Insider-out: Alliance plans for 2019 at over dinner parties?

As regional heavyweights descended on Lutyens’ Delhi in search of new friends and allies for Battle 2019, there was a flurry of dinners.

Published: 08th April 2018 06:46 AM  |   Last Updated: 06th January 2019 01:01 PM   |  A+A-

ICICI Bank MD and CEO Chanda Kochhar (File | PTI)

Express News Service

Lady vanishes
Even before the lookout notice against her and her husband and Videocon’s Venugopal Dhoot was out, ICICI CEO Chanda Kochhar had been keeping a low profile in anticipation of trouble from the probe agencies. Not only did she pull out of the FICCI Ladies Organisation do (where she was guest of honour and President Ram Nath Kovind was chief guest) to avoid questions and embarrassment, she was not to be seen at the ICICI Lombard and ICICI Pru listing ceremony, which was seen as a significant absence by the market. The last two times, Chanda Kochhar had taken part in the subsidiary brokerage firm’s debut listing. The chatter at FICCI was that Shikha Sharma of Axis Bank, may not be having the same problems, but she too has been found on the wrong side of the government.

Dine-and-bond
As regional heavyweights descended on Lutyens’ Delhi in search of new friends and allies for Battle 2019, there was a flurry of dinners. Chandrababu Naidu had an entire section of Andhra Bhawan cleared for a sumptuous spread for his friends from other regional parties. No Congress, no BJP mind you (the TDP, after all, only got an ambivalent kind of invite to Sonia Gandhi’s dinner). Naidu’s Bengal counterpart Mamata Banerjee was so busy in her political liaison work that she found no time to throw a dinner.

The gap was filled by her party’s MP from Rajya Sabha and editor of an Urdu daily, Nadimul Haque. Among other Congress leaders at Haque’s dinner, Deepa Dasmunshi, former MP from Raiganj, was spotted. The presence of Deepa, once a trenchant critic of Didi, raised a few eyebrows. Till she shared her worry... the BJP was making steady inroads in the border districts of Bengal, hitherto Congress strongholds—so “united we stand, divided we fall’’ is the spirit. In other words, without playing footsie with TMC, the prospect of regaining Raiganj looks bleak.

A lawyer’s brief

The Congress in Bengal seems to be confused. WBPCC chief Adhir Chowdhury filed a petition in the Calcutta High Court seeking deployment of Central forces for the panchayat polls. Just as the case was being heard, his party colleague Abhishek Manu Singhvi was arguing on TMC’s behalf in the Supreme Court on an identical petition filed by the BJP. Singhvi recently won a Rajya Sabha seat from Bengal with Didi’s backing. A hopping mad Chowdhury shot off a complaint note to Rahul Gandhi, exactly the way Ramesh Chennithala had done when Singhvi had represented the lottery king in a Kerala court against the state government. The last is yet to be heard on the matter. Unlike Chennithala then, Chowdhury may be fighting a lonely battle in Bengal.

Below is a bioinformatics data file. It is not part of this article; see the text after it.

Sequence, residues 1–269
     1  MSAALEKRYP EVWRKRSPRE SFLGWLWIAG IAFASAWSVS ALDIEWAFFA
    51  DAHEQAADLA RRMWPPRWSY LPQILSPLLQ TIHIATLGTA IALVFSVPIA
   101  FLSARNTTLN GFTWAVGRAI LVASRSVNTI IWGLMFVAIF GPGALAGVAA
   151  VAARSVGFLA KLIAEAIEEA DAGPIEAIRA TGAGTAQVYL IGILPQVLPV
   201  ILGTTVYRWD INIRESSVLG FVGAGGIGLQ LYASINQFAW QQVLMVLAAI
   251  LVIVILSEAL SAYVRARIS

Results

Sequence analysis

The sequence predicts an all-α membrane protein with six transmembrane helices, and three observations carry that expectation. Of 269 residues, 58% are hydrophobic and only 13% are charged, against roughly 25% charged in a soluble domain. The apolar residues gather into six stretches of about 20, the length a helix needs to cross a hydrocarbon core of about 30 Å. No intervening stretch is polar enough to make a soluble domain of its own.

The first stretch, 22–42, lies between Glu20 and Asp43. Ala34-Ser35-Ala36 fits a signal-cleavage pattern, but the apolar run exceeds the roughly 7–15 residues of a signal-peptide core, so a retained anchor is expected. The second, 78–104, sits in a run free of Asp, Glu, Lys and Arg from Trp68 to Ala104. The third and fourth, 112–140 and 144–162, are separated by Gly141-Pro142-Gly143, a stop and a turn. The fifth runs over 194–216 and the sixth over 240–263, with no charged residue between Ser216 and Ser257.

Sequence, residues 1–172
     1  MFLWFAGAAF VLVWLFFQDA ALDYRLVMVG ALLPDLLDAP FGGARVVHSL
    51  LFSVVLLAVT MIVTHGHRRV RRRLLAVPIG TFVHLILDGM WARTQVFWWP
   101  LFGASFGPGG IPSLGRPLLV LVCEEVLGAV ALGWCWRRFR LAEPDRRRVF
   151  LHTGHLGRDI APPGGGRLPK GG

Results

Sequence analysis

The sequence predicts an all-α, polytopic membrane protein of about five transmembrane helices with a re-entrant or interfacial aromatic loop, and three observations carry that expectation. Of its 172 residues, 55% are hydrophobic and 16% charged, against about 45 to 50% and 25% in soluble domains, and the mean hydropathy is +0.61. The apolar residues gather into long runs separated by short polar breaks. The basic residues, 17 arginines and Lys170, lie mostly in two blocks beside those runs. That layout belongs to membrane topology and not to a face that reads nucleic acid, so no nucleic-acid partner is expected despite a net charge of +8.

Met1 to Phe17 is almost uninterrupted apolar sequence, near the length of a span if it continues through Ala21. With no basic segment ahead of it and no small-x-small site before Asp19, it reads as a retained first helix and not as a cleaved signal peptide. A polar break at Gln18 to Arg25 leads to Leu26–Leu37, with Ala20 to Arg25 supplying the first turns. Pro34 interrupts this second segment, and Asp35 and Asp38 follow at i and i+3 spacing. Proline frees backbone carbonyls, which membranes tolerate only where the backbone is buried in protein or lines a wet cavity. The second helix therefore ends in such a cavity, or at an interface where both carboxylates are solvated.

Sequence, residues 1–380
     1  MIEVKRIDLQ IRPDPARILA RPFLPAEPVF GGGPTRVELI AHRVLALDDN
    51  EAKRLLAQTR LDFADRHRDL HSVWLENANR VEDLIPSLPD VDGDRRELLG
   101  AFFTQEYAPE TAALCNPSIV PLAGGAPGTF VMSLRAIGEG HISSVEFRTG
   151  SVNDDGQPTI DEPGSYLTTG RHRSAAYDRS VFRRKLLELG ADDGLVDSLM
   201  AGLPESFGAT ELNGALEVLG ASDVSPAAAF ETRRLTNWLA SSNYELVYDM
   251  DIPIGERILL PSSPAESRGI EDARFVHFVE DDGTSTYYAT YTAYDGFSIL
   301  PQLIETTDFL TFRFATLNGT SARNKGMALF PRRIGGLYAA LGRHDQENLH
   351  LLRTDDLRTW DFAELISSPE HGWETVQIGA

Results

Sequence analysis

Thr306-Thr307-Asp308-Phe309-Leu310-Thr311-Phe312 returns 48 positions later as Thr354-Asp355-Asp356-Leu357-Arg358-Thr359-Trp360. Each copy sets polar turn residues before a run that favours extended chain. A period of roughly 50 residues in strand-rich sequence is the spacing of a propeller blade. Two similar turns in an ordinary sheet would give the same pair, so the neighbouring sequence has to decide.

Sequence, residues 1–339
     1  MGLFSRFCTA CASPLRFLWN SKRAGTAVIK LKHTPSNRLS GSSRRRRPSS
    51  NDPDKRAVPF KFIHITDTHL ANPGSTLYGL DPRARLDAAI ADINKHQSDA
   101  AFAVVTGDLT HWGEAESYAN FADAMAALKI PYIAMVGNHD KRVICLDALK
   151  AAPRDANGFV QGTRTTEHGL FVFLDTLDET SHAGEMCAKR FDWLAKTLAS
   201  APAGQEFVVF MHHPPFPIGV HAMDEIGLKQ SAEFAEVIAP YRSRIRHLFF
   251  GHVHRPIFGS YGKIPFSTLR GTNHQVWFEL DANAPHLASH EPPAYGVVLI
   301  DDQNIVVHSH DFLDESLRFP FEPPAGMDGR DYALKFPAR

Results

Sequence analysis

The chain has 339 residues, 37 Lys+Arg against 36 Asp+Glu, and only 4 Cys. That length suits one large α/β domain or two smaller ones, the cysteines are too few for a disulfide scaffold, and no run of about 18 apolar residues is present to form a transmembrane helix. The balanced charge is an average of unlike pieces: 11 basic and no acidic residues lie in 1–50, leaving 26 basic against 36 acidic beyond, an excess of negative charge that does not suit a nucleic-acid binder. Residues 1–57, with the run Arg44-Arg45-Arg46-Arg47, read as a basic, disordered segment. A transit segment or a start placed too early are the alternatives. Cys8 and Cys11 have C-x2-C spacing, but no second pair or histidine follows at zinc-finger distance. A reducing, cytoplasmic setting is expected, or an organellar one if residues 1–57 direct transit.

Pawar packed
Going by the flurry of meetings and the long line of cars at Sharad Pawar’s Pune residence, political watchers are convinced that the Maratha strongman is back playing the great game. His supporters are, of course, convinced that Pawar could be the best coalition-builder given his cross-party friendships.

Jairam has an idea
The total washout of the second half of the budget session had the treasury and the Opposition blaming each other as usual. Not Jairam Ramesh. The Congress MP from Rajya Sabha has written a personal letter to chairman Venkaiah Naidu suggesting a special session to make up for the lost time. Ramesh argues that if Naidu can persuade the government to agree to a 10-day special sitting in June, before the monsoon session commences, it would go a long way in restoring public faith in Parliament. Now that the session is over, and the cacophony of protests has fallen silent, maybe the treasury may get to hear the point.

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